I think food coloring is a generic term for what can be dyes and lakes. Which actually in some ways have similar properties but are different. Dyes, lakes, and pigments have been used for thousands of years and on all inhabitable continents. Dyes can found in many foods, cosmetics, textiles, paper, wood, fur, and leather.
A dye is a coloring agent that is chemically bound to a substrate (a textile for instance) and permeates it fully. It is typically water soluble, but not always. It tends to have a loose association with the substrate and the color can be lost over time. Almost all dyes are organic.
A pigment is a coloring agent that is applied to the surface of a substrate with the help of a binder. It is typically not water-soluble. May find their use in ceramics, paints, and also in cosmetics. While a dye can only transmit, absorb, or reflect light, some pigments/binders can scatter light. Most are inorganic. I do not think that pigments are typically used in food, but I may be wrong.
A lake is a combination of a dye and a mineral in the form of a powder or solid that may be used as a pigment. Basically you take a dye mix it up with a solid substrate such as chalk or kaolin clay and use it like it was a pigment. You can find these in cosmetics, and foods, I know because I have used them in R & D for breath films. (Oh god bringing back nightmares of one of the worse jobs I have ever had).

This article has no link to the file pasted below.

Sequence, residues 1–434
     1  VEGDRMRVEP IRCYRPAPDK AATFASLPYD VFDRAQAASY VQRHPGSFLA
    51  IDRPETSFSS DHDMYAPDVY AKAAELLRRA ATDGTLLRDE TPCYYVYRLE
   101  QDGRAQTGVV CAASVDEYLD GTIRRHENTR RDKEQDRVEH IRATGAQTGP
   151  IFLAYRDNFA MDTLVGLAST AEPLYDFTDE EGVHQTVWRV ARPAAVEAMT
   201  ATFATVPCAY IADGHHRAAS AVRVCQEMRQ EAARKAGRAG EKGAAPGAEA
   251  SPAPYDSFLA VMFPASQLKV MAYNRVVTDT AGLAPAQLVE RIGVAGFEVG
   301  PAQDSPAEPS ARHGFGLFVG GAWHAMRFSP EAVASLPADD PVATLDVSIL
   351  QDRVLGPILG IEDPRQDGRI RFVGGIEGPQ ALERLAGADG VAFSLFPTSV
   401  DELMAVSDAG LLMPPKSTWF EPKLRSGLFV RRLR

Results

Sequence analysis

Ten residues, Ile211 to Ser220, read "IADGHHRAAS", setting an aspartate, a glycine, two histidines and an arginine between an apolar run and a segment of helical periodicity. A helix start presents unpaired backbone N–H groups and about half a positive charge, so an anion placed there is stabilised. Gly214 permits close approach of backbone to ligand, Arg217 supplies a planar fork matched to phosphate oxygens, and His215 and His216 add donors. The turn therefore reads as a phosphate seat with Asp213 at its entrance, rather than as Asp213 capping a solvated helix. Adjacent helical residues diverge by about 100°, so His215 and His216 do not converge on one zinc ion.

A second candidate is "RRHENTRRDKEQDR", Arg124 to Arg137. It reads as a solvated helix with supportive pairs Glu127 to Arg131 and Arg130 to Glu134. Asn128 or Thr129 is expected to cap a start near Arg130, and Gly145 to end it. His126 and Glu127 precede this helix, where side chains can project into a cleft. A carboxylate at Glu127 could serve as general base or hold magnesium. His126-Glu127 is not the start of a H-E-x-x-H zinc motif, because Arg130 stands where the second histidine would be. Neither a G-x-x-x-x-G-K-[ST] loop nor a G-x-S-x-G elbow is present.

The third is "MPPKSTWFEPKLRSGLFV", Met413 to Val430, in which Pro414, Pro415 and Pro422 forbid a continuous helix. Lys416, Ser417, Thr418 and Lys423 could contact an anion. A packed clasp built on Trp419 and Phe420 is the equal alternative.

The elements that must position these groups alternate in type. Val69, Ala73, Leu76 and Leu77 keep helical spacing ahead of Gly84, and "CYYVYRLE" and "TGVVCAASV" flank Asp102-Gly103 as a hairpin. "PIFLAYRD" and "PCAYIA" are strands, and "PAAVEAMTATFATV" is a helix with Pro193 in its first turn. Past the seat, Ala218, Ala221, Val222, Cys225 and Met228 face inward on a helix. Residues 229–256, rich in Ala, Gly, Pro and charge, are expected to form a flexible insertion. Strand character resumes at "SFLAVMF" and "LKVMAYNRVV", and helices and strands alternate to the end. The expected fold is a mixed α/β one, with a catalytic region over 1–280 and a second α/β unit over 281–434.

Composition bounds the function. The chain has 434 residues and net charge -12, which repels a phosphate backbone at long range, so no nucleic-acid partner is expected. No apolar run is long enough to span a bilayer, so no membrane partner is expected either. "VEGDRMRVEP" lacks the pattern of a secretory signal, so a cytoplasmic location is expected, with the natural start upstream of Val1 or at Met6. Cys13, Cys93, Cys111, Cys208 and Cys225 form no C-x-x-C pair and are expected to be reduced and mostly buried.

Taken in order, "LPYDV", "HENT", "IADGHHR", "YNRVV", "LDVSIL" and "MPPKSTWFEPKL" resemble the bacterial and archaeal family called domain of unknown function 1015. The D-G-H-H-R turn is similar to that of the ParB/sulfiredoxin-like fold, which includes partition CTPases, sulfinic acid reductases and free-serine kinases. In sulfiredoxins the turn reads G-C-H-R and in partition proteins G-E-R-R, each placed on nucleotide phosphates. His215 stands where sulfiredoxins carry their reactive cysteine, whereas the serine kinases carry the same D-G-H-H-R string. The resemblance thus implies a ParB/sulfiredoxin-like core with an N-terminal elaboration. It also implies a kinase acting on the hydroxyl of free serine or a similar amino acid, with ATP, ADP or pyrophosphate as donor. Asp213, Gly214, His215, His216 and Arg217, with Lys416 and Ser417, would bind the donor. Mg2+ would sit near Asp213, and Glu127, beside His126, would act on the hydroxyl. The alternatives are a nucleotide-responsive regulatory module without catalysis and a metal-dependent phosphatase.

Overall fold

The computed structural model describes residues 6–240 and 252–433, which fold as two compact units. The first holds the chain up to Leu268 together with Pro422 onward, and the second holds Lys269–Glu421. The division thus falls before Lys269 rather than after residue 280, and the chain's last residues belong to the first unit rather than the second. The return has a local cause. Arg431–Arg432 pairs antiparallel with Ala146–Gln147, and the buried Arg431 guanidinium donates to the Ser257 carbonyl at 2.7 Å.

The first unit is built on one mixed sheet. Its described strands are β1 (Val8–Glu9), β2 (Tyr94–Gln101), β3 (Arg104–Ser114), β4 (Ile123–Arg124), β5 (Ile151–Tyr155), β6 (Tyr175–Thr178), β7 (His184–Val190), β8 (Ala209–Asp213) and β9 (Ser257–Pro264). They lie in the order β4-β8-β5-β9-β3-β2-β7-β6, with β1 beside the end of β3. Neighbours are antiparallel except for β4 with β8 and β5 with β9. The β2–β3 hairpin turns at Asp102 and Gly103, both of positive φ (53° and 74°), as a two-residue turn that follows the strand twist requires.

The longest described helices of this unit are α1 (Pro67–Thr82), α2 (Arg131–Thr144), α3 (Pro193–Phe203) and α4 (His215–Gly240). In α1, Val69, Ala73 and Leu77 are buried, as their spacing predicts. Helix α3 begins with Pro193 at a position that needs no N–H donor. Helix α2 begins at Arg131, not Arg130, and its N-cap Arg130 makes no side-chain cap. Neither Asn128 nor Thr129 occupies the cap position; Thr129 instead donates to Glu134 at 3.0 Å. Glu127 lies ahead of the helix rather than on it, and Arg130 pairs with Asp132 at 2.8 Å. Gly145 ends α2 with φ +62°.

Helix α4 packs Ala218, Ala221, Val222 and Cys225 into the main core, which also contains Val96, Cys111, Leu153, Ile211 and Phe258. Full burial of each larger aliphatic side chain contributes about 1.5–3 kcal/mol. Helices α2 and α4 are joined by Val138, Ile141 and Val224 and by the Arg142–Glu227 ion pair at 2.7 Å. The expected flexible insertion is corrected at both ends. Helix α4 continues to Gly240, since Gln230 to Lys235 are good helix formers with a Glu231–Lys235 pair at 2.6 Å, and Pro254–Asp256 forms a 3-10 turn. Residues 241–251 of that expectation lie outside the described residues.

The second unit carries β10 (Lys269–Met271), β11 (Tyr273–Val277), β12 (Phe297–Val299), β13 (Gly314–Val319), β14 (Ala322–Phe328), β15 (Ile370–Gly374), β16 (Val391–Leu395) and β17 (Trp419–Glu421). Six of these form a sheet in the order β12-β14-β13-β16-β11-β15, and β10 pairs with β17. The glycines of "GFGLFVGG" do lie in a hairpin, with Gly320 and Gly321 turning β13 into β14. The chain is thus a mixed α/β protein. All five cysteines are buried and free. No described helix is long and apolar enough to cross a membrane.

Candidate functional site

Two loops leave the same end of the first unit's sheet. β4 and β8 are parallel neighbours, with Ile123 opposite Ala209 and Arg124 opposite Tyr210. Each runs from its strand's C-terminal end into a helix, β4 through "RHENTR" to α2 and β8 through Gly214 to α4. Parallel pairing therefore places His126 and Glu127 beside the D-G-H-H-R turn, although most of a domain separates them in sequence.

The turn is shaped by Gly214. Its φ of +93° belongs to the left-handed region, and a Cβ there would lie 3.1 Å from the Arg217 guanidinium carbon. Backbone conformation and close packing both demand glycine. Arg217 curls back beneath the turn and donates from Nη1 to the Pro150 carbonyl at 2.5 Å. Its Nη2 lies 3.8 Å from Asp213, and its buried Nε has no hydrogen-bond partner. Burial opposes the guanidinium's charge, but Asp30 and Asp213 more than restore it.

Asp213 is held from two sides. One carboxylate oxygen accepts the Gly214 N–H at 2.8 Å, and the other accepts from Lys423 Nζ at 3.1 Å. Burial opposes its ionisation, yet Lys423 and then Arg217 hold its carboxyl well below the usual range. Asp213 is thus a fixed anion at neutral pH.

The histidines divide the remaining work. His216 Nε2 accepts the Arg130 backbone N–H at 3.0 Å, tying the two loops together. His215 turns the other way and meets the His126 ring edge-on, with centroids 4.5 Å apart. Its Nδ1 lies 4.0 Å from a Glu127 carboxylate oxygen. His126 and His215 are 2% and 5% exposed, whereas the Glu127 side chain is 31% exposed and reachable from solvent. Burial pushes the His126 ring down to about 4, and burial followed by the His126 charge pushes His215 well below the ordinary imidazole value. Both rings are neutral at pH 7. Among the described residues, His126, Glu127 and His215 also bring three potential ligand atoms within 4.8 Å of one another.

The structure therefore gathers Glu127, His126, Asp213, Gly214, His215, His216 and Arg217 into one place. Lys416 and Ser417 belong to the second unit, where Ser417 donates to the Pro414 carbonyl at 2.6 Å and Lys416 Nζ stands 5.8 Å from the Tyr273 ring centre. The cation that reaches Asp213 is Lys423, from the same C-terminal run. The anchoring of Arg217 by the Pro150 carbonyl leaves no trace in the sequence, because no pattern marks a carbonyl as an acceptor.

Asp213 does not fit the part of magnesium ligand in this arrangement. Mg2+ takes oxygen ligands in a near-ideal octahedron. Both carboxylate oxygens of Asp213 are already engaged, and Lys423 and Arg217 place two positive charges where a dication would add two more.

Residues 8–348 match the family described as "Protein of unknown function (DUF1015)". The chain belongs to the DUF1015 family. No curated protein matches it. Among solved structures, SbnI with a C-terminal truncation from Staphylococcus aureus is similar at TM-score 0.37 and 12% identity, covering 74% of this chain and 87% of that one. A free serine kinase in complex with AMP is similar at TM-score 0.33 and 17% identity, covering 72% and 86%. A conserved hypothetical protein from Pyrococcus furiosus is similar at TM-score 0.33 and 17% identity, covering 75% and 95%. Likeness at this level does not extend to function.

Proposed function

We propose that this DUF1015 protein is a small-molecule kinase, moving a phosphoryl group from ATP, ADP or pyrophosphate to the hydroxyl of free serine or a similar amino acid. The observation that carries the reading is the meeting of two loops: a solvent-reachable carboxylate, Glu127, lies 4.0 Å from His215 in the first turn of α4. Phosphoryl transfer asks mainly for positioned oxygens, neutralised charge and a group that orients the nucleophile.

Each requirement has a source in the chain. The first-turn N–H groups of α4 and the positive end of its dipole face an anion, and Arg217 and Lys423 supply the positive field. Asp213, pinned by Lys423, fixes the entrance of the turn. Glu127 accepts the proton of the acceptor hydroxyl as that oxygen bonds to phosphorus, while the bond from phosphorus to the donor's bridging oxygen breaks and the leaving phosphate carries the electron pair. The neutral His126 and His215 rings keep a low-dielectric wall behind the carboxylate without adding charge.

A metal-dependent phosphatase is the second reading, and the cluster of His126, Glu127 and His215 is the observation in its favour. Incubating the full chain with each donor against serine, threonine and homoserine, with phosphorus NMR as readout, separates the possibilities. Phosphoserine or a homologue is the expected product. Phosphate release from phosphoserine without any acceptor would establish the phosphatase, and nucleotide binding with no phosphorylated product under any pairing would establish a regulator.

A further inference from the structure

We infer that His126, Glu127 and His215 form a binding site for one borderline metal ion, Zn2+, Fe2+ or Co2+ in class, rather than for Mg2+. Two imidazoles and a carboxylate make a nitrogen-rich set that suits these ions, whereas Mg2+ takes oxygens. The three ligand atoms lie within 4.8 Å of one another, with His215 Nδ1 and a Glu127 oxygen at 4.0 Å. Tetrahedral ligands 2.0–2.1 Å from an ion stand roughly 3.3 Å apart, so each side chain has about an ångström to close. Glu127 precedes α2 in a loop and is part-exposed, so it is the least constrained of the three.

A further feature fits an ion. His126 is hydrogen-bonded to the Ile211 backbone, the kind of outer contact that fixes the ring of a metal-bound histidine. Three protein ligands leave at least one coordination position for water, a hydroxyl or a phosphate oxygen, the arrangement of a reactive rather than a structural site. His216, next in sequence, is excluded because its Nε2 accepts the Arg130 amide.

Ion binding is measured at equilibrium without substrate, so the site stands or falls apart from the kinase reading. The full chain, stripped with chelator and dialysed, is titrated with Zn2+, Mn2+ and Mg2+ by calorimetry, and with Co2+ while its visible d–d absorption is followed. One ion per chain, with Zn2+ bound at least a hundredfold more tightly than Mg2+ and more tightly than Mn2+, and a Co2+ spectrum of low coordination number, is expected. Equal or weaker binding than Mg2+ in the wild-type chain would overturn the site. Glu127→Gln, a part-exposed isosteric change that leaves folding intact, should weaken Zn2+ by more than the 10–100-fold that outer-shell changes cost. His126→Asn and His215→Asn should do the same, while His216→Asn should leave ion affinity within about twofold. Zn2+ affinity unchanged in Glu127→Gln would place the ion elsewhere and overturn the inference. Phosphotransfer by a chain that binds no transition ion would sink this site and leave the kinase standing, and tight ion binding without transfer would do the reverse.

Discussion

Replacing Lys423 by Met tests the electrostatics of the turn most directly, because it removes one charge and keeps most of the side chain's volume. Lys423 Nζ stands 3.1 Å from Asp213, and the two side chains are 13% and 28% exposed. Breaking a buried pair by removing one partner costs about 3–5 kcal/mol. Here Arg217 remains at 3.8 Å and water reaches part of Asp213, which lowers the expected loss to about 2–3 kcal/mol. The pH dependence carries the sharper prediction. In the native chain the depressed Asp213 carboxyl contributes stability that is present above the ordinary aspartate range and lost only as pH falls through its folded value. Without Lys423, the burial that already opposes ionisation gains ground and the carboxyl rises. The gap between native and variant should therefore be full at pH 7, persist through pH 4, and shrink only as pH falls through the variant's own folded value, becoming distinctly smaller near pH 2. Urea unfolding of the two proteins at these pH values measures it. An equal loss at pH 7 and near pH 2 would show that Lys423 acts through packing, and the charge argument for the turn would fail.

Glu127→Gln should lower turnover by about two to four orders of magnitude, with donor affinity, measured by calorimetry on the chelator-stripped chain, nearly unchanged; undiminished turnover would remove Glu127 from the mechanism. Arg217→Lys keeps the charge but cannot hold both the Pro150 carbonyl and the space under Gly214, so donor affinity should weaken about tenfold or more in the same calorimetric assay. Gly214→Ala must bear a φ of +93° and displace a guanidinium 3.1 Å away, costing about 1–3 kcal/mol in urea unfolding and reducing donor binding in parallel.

Just a warning to anyone that might be playing with actual food grade dyes, the FD & C blue # 4 is very fine and powdery. Trust me when I say that it is very easy to make a cloud of it, accidentally breath in the fine particles and suddenly have lips, tongue, and noise hairs that are electric blue that lasts for a few days (i.e. You become a smurf and oh it gives you blue snot too). It can also land on surfaces and appear not to be present until water is added then suddenly everything is electric blue! Fortunately, it will not permanently stain clothing but will last for a few days on your skin. Trust me I know all to well!!!!
Hope this answers your question, probably more than you wanted to know.